The Florian native had offers from many schools in the north, including Michigan, where Weaver was originally involved. After the Wolverines offered his scholarship to another player, it wasn’t sure they would have a place on their list for Weaver. The three-star recruit opted for a withdrawal and accepted an offer from the University of Pittsburgh for a scholarship. Other teams chasing him were Temple, South Florida, and Penn State. In his first season, Weaver started five games as a freshman before starting all 14 in 2018. That season he broke out and collected 47 tackles, including 14 for a loss and six and a half sacks. His youth campaign was interrupted just a few weeks before the start of the season due to an ACL suffered in the training camp. Fighting difficulties recovering from a major knee injury paid off for Weaver when he received the First-Team All-ACC award in 2020 with a total of seven and a half sacks and three forced fumbling. His efforts at Heinz Field were rewarded with an invitation to the Senior Bowl.
Weaver is a prototype size of 6045 and 270 pounds and is long enough to reach blockers on extension. This allows him to convert speed to power while engaging the tackle’s chest and creating the thrust to propel him into the pocket after hitting him with his powerful hands. Weaver has crucial hands that are fast enough on double hand strikes, aiming for the elbows to deconstruct the blocker. His hands and length help him stay clean on speed tracks. When his bat hits the blocker’s outer hand, he can dip the shoulder, which gives the device a small surface area to land his shot. His rip move needs improvement as it rarely gets the timing right and gives the linemen a chance to recover. At the head of his rush, Weaver shows a spin move that is not dynamic and is often unsuccessful. The decisive hands help him to quickly break away from aggressive runblockers that attack him. This allows Weaver to go through the back door and blow up side running games. His proactive power from the ball is also impressive as he can push blockers backwards and force cuts in the zone and other side runs to the edges. With its length and strength, Weaver sometimes uses a push-pull movement to deconstruct. The fifth year senior knows what it takes to be successful in football. This shows in the effort with which he plays. He throws multiple counters at blockers and does not accept a stalemate as a pass rusher. When Weaver is not blocked, he will be patient in reading the network point and maintaining the gap integrity. He just does his job. His experience shows in stunts and lightning, where he subtle holds blockers to give teammates a free run at the quarterback. Lack of explosiveness, twitching and getting out limit his ability to win quickly with speed and athleticism. As a pass rusher, he’s often a slow burner, but can win quickly if his first move beats the blocker decisively. Weaver projects are a five technique but can add weight and step in further if needed. Despite his lack of high-end athleticism, he has the length and hands necessary to start on a line of defense, or at least play significant snapshots.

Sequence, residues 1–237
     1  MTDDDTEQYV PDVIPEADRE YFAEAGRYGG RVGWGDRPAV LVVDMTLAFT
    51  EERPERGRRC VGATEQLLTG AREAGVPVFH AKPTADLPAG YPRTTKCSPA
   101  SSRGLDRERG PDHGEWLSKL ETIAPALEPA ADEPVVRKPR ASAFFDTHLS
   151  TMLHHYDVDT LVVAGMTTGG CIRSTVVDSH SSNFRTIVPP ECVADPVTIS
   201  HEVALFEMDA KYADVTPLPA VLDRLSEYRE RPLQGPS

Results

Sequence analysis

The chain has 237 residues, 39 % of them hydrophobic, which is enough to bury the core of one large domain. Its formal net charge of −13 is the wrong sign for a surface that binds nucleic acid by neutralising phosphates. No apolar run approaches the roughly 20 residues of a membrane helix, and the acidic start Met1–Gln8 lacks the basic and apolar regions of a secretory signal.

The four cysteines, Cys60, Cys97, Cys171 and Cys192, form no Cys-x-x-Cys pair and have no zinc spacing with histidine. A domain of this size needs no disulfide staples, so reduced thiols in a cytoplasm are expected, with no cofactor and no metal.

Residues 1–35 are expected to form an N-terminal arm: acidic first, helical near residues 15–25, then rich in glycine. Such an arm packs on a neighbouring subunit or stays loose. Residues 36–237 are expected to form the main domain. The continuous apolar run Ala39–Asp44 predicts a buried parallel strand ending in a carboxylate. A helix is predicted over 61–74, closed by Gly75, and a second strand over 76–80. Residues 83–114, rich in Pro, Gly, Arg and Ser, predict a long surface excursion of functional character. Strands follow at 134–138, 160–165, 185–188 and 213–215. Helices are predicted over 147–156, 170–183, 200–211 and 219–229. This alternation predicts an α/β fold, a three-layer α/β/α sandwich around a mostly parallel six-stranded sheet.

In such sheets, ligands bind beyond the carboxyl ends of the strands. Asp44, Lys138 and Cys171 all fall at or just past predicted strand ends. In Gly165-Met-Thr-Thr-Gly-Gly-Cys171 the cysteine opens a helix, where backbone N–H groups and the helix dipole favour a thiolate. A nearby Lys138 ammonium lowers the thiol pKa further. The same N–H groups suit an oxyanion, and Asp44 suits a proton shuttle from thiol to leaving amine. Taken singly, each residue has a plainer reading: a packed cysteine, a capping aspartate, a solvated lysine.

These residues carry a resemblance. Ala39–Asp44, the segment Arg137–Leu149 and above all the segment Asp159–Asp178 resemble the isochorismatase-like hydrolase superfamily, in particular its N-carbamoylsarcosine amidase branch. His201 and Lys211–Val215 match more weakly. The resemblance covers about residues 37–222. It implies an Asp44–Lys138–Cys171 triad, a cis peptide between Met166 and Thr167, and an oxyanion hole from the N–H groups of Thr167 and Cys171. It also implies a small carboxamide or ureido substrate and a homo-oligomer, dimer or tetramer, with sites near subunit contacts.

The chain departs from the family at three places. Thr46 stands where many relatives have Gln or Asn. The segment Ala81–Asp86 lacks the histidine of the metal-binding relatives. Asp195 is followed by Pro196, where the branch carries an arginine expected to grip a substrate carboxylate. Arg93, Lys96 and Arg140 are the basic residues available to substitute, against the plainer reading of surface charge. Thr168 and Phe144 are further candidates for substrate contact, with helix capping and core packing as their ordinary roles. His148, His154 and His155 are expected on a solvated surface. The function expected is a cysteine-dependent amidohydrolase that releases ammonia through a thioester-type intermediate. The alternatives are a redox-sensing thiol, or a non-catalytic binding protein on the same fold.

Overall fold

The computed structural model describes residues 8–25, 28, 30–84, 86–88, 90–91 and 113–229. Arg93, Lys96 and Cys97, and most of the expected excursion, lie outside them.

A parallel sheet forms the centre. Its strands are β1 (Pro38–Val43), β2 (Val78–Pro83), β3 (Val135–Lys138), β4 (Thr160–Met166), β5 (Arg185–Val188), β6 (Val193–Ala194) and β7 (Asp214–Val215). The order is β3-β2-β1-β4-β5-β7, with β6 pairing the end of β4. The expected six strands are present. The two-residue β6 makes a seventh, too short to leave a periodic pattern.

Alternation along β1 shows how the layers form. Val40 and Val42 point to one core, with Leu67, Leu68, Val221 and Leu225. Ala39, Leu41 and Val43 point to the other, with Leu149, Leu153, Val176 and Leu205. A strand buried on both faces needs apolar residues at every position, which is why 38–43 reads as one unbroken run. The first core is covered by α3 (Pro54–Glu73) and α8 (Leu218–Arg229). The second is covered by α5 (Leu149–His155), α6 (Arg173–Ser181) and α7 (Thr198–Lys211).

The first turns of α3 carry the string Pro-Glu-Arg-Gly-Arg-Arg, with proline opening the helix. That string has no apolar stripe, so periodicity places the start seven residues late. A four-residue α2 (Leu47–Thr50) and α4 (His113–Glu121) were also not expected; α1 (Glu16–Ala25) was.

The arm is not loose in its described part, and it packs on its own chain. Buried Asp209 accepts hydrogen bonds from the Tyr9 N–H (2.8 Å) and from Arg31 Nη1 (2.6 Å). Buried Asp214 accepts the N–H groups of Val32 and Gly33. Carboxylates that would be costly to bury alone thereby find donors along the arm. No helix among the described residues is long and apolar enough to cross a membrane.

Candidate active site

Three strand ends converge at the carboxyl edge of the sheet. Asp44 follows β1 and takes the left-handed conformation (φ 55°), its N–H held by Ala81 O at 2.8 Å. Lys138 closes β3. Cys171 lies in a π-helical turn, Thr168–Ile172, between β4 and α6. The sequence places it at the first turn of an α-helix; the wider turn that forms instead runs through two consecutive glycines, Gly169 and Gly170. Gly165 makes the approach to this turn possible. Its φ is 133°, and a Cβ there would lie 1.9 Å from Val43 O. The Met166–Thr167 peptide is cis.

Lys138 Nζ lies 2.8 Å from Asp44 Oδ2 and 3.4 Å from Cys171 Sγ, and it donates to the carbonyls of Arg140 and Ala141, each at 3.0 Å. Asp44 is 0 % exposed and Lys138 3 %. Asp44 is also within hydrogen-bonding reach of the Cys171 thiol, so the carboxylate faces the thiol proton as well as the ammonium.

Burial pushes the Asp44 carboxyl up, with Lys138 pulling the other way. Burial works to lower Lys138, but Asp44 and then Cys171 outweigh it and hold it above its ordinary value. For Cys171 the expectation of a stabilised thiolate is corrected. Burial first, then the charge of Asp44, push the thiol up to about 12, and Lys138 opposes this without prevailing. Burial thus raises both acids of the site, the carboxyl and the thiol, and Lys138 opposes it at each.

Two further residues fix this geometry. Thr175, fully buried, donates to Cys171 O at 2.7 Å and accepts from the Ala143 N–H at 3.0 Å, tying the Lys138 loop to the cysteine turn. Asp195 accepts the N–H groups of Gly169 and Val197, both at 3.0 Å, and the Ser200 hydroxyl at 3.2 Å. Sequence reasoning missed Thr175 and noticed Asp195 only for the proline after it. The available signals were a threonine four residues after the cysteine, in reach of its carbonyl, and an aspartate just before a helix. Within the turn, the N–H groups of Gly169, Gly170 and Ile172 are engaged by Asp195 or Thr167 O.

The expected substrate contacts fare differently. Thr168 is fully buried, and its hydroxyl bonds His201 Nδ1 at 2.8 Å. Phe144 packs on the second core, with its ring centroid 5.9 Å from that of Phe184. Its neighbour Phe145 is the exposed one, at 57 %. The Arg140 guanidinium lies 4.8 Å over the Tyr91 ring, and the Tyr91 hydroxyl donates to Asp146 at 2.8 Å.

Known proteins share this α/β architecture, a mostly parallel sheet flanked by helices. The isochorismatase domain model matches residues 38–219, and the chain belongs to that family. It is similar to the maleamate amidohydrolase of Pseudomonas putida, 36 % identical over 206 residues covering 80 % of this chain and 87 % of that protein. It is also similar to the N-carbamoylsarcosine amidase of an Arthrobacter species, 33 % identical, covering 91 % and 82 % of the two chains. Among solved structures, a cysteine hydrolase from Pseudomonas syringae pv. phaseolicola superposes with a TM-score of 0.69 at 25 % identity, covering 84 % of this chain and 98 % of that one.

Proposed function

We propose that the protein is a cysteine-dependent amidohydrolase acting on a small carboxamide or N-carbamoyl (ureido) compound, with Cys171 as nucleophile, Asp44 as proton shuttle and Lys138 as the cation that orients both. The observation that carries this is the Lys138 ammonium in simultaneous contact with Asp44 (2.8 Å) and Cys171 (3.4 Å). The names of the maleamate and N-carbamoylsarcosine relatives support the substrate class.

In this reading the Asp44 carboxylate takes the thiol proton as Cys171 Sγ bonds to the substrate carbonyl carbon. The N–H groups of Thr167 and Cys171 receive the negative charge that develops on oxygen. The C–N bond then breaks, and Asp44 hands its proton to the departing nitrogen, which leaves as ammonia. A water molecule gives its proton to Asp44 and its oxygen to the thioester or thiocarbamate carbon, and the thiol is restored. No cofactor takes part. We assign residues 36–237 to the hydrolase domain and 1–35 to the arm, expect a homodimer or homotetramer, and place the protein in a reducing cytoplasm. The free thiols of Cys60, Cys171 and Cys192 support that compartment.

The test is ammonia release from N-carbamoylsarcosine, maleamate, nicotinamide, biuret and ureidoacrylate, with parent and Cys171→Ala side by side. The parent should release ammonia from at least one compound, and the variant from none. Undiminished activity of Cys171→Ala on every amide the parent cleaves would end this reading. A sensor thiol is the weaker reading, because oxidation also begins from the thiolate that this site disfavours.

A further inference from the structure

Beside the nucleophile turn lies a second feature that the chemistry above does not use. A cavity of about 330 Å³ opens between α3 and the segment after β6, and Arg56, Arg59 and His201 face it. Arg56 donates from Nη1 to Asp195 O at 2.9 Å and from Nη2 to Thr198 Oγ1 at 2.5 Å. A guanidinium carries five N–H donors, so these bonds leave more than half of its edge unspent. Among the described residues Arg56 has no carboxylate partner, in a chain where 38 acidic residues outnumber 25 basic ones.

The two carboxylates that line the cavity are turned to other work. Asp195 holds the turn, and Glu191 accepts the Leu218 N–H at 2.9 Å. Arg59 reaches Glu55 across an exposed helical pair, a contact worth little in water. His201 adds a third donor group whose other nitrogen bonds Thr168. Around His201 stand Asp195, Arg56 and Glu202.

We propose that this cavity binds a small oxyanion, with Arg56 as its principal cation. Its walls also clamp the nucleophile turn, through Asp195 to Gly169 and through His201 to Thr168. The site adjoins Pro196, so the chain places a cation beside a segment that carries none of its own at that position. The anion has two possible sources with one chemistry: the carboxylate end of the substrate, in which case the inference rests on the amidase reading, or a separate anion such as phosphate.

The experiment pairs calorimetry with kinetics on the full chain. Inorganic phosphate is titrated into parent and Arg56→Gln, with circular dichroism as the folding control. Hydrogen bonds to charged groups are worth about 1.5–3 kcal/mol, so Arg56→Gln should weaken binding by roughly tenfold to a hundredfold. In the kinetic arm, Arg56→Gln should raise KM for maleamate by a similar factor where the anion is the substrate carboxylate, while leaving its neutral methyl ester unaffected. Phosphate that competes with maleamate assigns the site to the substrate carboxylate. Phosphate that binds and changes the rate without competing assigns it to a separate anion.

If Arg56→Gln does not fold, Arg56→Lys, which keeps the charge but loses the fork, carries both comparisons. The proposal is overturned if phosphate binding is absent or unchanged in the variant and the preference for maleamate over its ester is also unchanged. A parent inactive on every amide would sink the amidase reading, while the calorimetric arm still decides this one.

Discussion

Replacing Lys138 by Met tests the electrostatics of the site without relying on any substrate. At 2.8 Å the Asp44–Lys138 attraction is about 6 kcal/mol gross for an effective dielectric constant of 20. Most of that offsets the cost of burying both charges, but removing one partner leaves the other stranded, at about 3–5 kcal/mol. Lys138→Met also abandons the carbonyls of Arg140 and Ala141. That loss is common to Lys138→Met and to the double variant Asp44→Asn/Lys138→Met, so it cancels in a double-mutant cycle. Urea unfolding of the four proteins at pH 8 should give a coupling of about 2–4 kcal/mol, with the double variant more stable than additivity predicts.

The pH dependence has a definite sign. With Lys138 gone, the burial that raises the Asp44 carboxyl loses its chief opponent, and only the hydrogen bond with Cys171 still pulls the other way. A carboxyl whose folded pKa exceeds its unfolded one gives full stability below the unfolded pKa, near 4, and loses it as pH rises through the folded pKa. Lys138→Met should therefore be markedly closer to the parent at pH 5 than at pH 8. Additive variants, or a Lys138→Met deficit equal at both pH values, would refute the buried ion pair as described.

His aforementioned hand use was evident when Weaver took on potential top 50 left winger Liam Eichenberg of Notre Dame. With the double handshake he knocks down Eichenberg’s hands and urges the quarterback to flee:
Weaver shows his onslaught from the outside against Boston College and knocks down the duels from outside, but comes too late to the passerby due to lack of sportiness:
In the same game, he showed his strength, took the device straight into Jurkovec’s lap and stole the football from him:
Weaver would have gone behind the door with the right tackle and probably would have been tackled for a loss, but was arrested:
With the reading option, Weaver stays patient and clean, and rewards himself if the quarterback reads incorrectly:
Improving his anchor needs to be a focus of his off-season as he can occasionally get off the line as in this game. Both tight ends soften the edge: